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Title: Integrative Taxonomy Reveals Molicola uncinatus and Gymnorhynchus gigas (Cestoda: Trypanorhyncha) Coinfection in the Atlantic Pomfret Brama brama From the Mediterranean Sea, With Notes on the Phylogenetic Position of G. gigas Within the Family Gymnorhynchidae
Authors: Santoro, Mario
Palomba, Marialetizia 
Aco Alburqueque, Renato
Mattiucci, Simonetta
Issue Date: 2022
The cestode family Gymnorhynchidae Dollfus, 1935 (Trypanorhyncha) comprises three genera and six valid species that are typically intestinal parasites of large pelagic sharks. Members of Gymnorhynchidae show a wide geographic distribution and represent a global sanitary concern because as larvae they infect the edible flesh of several commercially important fishes with some species having allergenic potential. Larval Gymnorhynchidae collected from the muscles of the Atlantic pomfret Brama brama from various localities in the Mediterranean Sea were identified and characterized by combining traditional morphology, scanning electronic microscopy, and molecular analyses using newly generated nuclear 18S and 28S rRNA sequences. Overall, 98 larvae were collected from 20 (100%) Atlantic pomfrets (intensity of infection: 4.9; range: 1-12). High-quality sequences were obtained for 54 larvae. Of these, 11 and 43 larvae were identified as Molicola uncinatus and Gymnorhynchus gigas, respectively. The phylogenetic analysis showed the existence of three main clades within Gymnorhynchidae. The first included species of G. gigas and M. uncinatus from the Mediterranean and Atlantic; the second and third major clades included an unidentified species of Molicola from the Indian Ocean and specimens of Gymnorhynchus isuri from the Mediterranean and Atlantic, respectively. Finally, Chimaerarhynchus rougetae was the basal and most diverging taxon. The phylogenetic analysis suggested that G. gigas is more closely related to the members of Molicola. We demonstrated the coinfection of M. uncinatus and G. gigas from all localities studied and extended the intermediate hosts and geographical range of M. uncinatus by including the Atlantic pomfret and the Tyrrhenian and Ionian Seas, respectively. The present results supported the previous proposal that G. gigas and Molicola species should be included in the same genus. Our study demonstrated the usefulness of the integrative taxonomy for the unequivocal recognition of larval trypanorhynch species, resolving the current difficulties in the taxonomy, and elucidating the poorly known ecological and biological aspects of members of Gymnorhynchidae.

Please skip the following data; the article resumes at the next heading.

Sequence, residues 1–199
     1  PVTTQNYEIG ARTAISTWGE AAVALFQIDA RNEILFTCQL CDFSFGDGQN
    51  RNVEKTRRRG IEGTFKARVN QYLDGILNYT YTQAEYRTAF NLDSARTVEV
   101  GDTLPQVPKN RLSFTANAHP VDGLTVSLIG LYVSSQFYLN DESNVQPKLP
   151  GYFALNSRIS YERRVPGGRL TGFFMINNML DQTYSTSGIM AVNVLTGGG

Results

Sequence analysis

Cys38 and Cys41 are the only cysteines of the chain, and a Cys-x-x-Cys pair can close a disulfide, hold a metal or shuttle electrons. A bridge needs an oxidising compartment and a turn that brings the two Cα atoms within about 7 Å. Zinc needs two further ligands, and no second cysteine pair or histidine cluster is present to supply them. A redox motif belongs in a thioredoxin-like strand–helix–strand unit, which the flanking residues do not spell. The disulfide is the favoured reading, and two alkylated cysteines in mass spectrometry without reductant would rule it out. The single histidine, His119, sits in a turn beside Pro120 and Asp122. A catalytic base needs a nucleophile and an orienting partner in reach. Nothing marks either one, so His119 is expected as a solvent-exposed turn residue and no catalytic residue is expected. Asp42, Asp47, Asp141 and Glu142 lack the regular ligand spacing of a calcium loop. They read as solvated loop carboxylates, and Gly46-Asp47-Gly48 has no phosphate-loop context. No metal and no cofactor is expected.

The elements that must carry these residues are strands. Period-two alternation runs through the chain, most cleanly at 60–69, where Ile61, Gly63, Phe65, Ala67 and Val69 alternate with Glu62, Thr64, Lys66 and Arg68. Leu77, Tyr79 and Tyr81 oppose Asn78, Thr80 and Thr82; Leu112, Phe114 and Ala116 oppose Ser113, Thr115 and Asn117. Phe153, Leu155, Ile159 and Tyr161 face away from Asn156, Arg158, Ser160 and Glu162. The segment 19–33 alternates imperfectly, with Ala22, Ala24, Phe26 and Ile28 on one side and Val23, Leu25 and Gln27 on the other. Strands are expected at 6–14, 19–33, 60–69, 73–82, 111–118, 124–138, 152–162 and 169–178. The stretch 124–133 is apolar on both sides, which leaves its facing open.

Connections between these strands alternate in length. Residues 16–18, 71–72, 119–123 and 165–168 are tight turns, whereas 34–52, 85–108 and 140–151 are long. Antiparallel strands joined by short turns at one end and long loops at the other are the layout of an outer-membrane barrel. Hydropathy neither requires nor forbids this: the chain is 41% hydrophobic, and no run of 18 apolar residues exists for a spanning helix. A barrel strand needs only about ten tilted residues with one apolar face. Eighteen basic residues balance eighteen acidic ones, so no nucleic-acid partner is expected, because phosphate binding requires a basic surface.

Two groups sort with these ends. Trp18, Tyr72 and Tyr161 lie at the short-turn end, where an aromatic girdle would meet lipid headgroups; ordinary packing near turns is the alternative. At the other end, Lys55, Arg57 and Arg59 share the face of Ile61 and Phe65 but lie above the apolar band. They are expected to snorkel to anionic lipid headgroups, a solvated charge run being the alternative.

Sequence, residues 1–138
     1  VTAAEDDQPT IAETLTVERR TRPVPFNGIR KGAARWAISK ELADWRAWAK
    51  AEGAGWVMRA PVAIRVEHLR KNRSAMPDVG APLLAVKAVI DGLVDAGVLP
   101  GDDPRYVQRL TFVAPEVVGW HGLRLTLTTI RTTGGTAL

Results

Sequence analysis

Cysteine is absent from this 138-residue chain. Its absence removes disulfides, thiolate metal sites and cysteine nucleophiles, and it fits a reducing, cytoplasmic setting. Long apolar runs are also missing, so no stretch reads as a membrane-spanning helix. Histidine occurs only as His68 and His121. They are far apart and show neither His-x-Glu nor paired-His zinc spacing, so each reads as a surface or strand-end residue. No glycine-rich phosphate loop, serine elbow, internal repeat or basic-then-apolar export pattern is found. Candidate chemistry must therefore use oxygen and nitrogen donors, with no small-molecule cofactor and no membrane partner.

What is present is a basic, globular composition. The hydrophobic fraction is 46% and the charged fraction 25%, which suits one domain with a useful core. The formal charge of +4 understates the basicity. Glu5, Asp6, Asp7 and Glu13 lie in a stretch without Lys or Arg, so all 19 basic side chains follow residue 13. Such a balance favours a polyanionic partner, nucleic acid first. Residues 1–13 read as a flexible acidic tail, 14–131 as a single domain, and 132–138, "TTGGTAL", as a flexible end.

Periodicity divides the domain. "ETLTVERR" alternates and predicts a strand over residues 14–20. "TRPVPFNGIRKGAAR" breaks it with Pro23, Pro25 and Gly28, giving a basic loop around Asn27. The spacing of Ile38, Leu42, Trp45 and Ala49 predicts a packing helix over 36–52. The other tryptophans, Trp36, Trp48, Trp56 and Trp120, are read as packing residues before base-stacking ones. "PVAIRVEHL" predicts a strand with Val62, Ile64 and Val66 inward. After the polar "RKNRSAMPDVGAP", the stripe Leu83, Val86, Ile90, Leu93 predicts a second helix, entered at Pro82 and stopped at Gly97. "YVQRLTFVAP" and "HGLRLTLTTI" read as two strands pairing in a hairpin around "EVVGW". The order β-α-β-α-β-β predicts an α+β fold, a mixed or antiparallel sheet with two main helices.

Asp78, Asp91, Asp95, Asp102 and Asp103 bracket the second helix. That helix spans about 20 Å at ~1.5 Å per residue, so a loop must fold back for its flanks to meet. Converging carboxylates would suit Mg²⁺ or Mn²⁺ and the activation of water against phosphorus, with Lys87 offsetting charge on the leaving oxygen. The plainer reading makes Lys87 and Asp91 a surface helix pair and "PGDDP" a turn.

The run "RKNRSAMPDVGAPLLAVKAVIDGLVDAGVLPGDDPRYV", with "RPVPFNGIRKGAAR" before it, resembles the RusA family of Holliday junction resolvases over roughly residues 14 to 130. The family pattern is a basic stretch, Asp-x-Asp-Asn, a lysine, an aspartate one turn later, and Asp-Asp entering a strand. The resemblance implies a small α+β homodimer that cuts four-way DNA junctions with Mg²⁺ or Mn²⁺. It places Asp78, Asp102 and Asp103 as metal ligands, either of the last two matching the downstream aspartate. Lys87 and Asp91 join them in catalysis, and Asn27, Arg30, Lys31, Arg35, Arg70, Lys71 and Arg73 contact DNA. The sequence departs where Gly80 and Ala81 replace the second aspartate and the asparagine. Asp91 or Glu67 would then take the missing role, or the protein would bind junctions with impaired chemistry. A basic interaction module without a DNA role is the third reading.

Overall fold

ISSN: 22971769
DOI: 10.3389/fvets.2022.909163
Rights: CC0 1.0 Universal
Appears in Collections:A1. Articolo in rivista

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